Since its first mention back in 1459 as the residence of the Wallachian prince Vlad Țepeș (pronounced Tzepesh), more infamously known as Vlad the Impaler, or the more marketable Dracula, Bucharest has gone through a series of transformations. From citadel, to capital, to stronghold, to worldly metropolis, to occupied territory, to communist experiment, to capitalist kindling. Much like a faulty etch-a-sketch that leaves some markings behind when you turn it upside down and shake it, the city’s been partially destroyed and rebuilt to fit whatever current leader’s need or fancy.
In its most recent transformation, Bucharest is striving to become a regular European capital, with office jobs, historical buildings, monuments, hipsters, and an art scene. The process has been extremely slow-moving, better understood by looking at the paradox rather than trying to explain it.
Since the December 1989 Revolution, one can say that a lot has changed, and that also not much has changed, in Bucharest. An effort has been made, using EU funds, to restore what is left of the city’s old, architecturally unique, buildings and private mansions, that somehow escaped Ceausescu’s mad drive to homogenize the city in drab, utilitarian Communist structures. You’d hardly notice it though, as you leave the tourist-friendly, government-populated center of town and pass post-apocalyptic-looking buildings as old as the Regal Palace. Just last year, outside my cousin’s apartment near the city’s train station, an old movie theater collapsed. It was beyond repair.
Take also street traffic for example. Major avenues and boulevards, as well as some central streets, have been impeccably repaved to offer drivers and bicyclists smooth, safe rides around town. The number of cars, though, has exploded so astronomically in the last ten years that it is nearly impossible to get from one end of the city to the other without assuming the risk of an aneurysm from road rage.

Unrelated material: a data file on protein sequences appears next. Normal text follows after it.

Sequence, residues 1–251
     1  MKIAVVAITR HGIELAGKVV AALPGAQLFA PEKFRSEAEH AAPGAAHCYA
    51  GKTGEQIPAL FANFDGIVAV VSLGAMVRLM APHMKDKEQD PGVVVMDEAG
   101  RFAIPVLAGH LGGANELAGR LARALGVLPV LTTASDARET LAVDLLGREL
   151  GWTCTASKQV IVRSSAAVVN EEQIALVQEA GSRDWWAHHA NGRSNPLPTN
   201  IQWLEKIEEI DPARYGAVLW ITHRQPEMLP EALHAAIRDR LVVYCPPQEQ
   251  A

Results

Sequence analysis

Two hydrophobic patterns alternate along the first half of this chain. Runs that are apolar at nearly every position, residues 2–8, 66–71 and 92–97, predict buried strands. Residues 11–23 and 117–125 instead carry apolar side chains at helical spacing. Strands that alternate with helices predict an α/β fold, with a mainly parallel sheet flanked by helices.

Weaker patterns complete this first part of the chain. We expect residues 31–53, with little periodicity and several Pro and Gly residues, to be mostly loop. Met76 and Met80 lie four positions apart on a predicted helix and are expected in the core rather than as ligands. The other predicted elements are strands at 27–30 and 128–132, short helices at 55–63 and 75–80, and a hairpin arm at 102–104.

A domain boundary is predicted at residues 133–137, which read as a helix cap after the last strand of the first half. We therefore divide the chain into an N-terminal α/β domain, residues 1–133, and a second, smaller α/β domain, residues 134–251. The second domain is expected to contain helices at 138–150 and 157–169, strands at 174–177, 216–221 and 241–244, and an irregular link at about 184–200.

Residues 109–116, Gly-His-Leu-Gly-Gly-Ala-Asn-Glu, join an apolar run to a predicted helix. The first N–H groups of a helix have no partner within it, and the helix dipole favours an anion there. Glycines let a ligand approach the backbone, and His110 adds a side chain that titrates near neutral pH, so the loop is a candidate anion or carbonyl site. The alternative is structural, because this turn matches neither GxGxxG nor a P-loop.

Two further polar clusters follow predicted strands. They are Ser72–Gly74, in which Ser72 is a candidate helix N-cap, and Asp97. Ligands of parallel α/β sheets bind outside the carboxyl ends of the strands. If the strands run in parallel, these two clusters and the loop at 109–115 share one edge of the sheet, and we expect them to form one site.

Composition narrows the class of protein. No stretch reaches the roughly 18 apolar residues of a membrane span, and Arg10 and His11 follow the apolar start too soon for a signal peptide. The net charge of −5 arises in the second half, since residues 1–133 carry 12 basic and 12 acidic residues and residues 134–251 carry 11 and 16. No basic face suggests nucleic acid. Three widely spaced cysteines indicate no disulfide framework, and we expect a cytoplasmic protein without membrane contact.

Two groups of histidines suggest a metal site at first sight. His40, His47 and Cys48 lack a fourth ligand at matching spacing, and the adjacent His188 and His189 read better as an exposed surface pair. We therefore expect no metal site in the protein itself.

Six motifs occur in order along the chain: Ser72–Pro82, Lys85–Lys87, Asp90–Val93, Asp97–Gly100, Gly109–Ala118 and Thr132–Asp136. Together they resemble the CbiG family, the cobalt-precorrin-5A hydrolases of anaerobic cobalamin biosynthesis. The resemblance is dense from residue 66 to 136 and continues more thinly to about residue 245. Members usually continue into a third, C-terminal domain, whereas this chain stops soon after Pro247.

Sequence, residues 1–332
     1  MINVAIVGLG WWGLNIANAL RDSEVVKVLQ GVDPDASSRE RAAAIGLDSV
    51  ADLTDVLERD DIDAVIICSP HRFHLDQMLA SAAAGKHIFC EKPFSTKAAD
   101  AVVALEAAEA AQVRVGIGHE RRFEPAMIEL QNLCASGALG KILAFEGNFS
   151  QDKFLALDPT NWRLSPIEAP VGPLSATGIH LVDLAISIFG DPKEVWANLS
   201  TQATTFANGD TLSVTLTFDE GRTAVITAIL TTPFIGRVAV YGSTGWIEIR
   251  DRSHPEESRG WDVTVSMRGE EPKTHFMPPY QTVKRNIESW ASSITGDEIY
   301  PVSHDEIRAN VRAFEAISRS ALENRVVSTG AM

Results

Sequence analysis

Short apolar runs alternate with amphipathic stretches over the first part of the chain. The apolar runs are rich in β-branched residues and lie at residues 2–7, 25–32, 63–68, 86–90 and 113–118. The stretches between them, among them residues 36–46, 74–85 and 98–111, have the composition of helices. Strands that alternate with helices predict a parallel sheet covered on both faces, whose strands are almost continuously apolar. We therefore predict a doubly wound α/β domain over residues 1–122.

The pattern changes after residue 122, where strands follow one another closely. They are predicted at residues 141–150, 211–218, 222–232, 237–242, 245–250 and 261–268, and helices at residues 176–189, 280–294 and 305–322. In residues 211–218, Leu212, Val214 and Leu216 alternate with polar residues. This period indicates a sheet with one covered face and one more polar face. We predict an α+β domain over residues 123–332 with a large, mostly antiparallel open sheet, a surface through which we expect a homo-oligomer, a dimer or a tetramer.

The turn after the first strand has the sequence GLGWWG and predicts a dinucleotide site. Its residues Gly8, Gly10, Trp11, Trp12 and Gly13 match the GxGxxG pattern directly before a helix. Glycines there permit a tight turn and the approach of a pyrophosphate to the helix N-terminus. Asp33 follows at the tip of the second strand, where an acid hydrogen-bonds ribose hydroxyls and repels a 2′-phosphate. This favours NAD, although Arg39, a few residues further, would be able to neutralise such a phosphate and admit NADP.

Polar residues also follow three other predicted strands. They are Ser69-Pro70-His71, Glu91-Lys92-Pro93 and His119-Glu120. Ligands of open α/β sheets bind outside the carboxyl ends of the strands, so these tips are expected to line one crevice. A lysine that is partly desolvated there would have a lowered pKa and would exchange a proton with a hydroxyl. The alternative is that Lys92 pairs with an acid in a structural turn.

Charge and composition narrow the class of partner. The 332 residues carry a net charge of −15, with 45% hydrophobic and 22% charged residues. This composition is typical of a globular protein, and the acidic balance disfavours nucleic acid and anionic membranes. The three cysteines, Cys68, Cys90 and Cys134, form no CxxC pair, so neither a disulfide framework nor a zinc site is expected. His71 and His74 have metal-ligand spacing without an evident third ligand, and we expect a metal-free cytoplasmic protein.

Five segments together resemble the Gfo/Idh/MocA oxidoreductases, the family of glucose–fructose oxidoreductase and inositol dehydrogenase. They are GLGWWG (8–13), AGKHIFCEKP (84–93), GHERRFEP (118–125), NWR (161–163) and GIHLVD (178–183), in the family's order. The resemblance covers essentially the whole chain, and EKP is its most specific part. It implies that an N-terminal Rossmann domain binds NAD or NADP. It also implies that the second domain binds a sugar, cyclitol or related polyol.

I’ll skip over the “one-step-forward-two-steps-back” political undertakings, the strategies of which my comfortable mind has no energy to scratch at, and go straight to the seesawing trends in contemporary art. It too has seen some paradoxical dichotomies.
Much like the so-called Romanian film industry (where films are being made but seldom seen for lack of movie theaters), the art market for contemporary Romanian art doesn’t really exist. Romanian contemporary art, though, does. In a way. One gallery owner, Diana Dochia (Anaid Art Gallery) described the system needed in order for a culture to have an arts discourse. In no hierarchical importance, it consists of: the artist, the critic, the gallery, the art dealer, the collector, the appraiser, and the museum (in here we include the director and the curator). The reality in Bucharest is that this system is, at best, a loose scaffolding, making for a making for a loosely structure, haphazard, disorganized art scene.
The number of new museums and gallery spaces being built in Bucharest is zero. Despite that, art exhibitions, with new art made by young artists, do happen. They happen in the old buildings, left to near abandon over the years, located away from main avenues and bustling centers, on tree-lined streets, with dimly-lit entrances. I was fortunate enough to be there for the “Gallery Night” a sort of Art Crawl event where “galleries” stay open until the early morning hours. As my friends and I drove from one place to another, each place seemed to be getting smaller and smaller. One space didn’t even have windows. But as I walked into each one, I could feel both a sense of history and continuity. These old houses were once the homes of members of a bourgeoisie who, back in the golden age, back before that whole soviet calamity hit, patronized art, artists and all things related to cultural innovation.